Yes, to all of the people mourning the Supreme Court decision today:  it’s true, your liberty has died.  As someone who grew up under a universal health care system, I can tell you that it’s just complete tyranny.  They forced you to go to the hospital!  They forced you to take an ambulance!  Even if you weren’t sick!

Actually, no such thing happened, of course.  When we lived in Holland, we went to the doctor and got the same treatment for our problems as we do here, except that over there, we didn’t have to worry about the financial aspect of the situation.  The people we know in Europe who get a serious illness only have to stress about the illness, which is bad enough in itself.  They don’t also have to stress about going bankrupt.

Anyway, I’m pretty sure I’ve already mentioned all this in previous blogs, but it bears repeating, since people continue to tell fables about how in a single payer system, you will no longer have “freedom” when it comes to your health care.  The only loss of freedom which I will freely acknowledge happens under a single payer system is that you may end up paying higher taxes.  Speaking of which, I’m thinking of taking the train to the library tomorrow–yet more terrible impositions from my local government which I will have to suffer under.

On a small added note, I’m so glad I was wrong about how this decision went today.  For once, my pessimism was proven incorrect.  But I’m still feeling pessimistic about the election in Nov…hope I’m just as wrong about that one!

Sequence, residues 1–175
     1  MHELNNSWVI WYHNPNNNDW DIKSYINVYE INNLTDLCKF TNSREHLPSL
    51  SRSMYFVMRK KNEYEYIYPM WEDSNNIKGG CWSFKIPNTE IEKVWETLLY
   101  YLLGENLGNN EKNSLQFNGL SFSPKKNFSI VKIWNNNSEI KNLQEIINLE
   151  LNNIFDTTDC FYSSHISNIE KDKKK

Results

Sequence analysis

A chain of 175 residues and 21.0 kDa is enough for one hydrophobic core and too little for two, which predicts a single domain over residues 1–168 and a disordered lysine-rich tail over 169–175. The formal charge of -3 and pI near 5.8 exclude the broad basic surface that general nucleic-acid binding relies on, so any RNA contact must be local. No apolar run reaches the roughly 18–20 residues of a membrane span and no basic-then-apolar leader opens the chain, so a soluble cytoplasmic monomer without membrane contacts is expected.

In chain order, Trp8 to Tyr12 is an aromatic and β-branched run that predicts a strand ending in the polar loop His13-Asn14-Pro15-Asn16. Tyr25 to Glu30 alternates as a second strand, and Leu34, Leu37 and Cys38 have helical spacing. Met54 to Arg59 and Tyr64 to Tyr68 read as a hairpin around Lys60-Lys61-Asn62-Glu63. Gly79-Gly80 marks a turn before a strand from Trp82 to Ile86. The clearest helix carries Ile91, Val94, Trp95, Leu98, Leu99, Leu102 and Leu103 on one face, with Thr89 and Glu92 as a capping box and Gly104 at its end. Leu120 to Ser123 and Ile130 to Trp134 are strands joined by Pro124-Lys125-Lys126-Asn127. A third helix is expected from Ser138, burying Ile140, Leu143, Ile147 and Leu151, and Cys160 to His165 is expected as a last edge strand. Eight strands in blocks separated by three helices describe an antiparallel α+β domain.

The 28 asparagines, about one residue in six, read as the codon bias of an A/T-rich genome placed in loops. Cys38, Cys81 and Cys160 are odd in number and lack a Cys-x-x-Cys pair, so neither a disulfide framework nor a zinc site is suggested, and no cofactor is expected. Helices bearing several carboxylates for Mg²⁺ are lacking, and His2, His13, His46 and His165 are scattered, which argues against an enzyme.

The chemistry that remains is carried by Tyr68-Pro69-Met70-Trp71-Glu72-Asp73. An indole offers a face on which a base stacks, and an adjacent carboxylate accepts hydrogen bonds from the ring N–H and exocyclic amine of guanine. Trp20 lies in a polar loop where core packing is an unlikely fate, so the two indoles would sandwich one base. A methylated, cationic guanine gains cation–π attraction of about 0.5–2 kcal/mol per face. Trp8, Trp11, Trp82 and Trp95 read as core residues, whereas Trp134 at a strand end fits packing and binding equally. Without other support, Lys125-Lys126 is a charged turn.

Okay, so that Plan B I had in case everything went to hell?  I hate to be a pessimist *again*, but it seems to have flown out the window and bounced out the door.  At least one aspect of it.

I was hoping that if we truly went to Hades in a conservative handbasket, I would be able to focus on local political action.  Specifically, I had imagined that if the Affordable Care Act was struck down by the Supremes, there would be ways for progressive activists to make universal health care happen here in Oregon.  We’re a liberal state, so it didn’t seem like a stretch.  Or I could finally give in to my mother’s nagging and move East, to Vermont or Massachusetts, one of the states that had a good health care system already in place.